The section of the Arkansas
River between 11th and 91st Street in Tulsa provides
sandbars and barren beaches of gravel and sand used by the
Interior Least Tern as
nesting habitat. The terns arrive mid-May and depart in late
August - early September. The Least Terns may be seen on the
sandbars in the river in summer months. They have returned
each year since 1981 when there were 16 scrapes and 32 young
hatched. Monitoring of nesting sites is conducted by
volunteers with the Tulsa Audubon Society who also work
closely with the U.S. Fish & Wildlife Service to limit
public access to the nesting areas.
The Terns nest on the river on Zink Island at 15th Street.
Good observation points are at 15th St., 31st St. and south
of 81st St.
Pianalto, 1927 - 1996, was one of the first people to discover
the Terns utilizing the river, and spent many years observing
and protecting them.
arthritis, Fred, who had special permission, would drive his
pickup along the bike trail and set up his scope to watch
over the birds. Over the years he became a fixture at
Riverparks, and became one of Tulsa Audubon's greatest
ambassadors to the Public. Thousands of people learned about
the Terns and other wildlife along the river from Fred.
Click here for a tribute to Fred
River Parks extends from 11 St. South to
St. South between Riverside Drive and the Arkansas River on the east bank,
and along the west bank from 21 St. to 41 St. S. There are parking areas
provided on the east side at Galveston St., 31 St., 41 St., and 51 St.
Parking west of the river is located at 21 St. A jogging and bicycle
path begins at 11 St. and follows the river to 56 St. S. For additional
information visit the
River Parks web site.
Walk the river bank south of 11 St. There
are large cottonwood, elm, oak, willow, and mulberry trees with heavy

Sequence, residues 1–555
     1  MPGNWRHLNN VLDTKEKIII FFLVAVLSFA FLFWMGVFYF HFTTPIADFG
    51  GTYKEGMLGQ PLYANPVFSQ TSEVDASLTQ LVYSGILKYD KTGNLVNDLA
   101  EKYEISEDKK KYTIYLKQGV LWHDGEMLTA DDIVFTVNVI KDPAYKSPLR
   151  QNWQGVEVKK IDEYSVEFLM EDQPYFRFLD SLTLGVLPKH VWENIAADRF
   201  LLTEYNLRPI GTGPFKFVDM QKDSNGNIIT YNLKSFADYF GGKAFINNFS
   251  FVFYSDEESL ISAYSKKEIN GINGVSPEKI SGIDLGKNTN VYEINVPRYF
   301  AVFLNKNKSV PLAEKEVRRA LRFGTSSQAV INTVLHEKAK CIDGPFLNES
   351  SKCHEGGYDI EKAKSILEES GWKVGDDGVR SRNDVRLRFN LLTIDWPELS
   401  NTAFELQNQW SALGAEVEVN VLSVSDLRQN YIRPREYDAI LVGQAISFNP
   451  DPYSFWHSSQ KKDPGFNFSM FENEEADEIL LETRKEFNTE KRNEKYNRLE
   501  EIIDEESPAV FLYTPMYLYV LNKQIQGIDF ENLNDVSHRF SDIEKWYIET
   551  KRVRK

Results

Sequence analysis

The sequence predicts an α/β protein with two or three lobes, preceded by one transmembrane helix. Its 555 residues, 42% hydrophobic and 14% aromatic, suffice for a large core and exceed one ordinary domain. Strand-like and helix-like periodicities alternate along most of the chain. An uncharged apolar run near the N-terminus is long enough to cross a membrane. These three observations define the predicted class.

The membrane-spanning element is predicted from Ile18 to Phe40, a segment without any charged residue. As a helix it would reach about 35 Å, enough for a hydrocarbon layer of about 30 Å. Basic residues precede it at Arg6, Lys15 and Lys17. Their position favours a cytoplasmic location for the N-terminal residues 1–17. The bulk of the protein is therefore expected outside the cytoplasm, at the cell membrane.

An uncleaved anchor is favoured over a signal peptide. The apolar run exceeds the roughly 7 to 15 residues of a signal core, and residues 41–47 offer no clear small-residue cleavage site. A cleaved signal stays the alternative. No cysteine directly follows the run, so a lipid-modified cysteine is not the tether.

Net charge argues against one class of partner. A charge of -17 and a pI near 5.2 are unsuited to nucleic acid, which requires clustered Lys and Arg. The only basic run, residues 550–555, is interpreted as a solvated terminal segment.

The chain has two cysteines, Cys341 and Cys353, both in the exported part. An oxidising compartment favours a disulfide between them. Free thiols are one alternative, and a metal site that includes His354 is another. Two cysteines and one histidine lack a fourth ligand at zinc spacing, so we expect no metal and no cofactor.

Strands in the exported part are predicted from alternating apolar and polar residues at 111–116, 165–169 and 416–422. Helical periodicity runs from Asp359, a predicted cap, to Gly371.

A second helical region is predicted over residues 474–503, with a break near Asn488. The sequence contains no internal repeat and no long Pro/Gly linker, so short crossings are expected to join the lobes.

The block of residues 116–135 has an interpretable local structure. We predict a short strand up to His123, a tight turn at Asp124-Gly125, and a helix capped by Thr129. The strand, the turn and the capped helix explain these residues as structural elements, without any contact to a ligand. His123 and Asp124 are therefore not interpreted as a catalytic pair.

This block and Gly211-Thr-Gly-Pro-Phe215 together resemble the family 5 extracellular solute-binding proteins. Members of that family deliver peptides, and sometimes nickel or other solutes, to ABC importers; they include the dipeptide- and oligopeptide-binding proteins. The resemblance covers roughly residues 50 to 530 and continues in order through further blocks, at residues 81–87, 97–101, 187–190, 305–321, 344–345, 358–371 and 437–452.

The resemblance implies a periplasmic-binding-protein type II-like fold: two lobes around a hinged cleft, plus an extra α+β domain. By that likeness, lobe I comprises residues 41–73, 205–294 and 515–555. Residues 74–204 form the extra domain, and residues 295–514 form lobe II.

underbrush along the river. In winter White-crowned and White-throated
sparrows and Dark-eyed Juncos are numerous. The Purple Finch and
American Goldfinch are also common. The Clay-colored Sparrow has been
found during spring migration, a time when many warblers gather here
including Parula, Yellow, Orange-crowned, Black-and-white, Blackpoll,
Blackburnian, Chestnut-sided, and Wilson's. Ducks can be observed on the
rocky reefs in the river in winter and spring and shorebirds are regular
visitors in migration.
The man-made Zink Island, in Zink Lake,
the impoundment formed by the low water Zink Dam, is used by the
endangered Interior Least Tern for nesting.
island may be observed from the River Parks area near 15th Street, which
features a bench dedicated to the late
Fred Pianalto, a Tulsa Audubon member who first publicized the Least
Terns on the River and was known as the "Birdman of Riverparks".
At 19 St. park on the west side of
Riverside Drive and walk south. Bell's Vireo has nested here in the
underbrush. Thrushes are here in migration and the Bobwhite is a
The parking area at 31 St. is located on
the east side of Riverside Drive. A pedestrian bridge allows access to
the west bank of the river as well as the east bank. A jogging and
bicycle path also goes east along the abandoned railroad right-of-way.
(See Midland Valley Trail)
The 41 St. parking is on the west side of
Riverside Drive south of the 41 St. intersection. Bald Eagles are often seen along the river,
and in 2007 one was nesting on the west bank directly across form the 41
St. parking lot.
White Pelicans stop over in migration; Cormorants may number in the
hundreds; and Osprey are occasionally seen. In the large trees in summer
are Northern and Orchard orioles, Eastern and Western kingbirds, Summer
Tanagers, Painted and Indigo buntings, and Scissor-tailed Flycatchers.
Warblers, Catbirds, and thrushes frequent the mulberry trees and the
shrubbery along the bank. This is also a likely place to look for the
Caspian, Black, and Forster's terns in late spring and early fall.
There is a good trail south to 61 St. The
best birding along this five-mile mile trail is found during the morning
Click anywhere on map or here for an
interactive map from the River Parks web site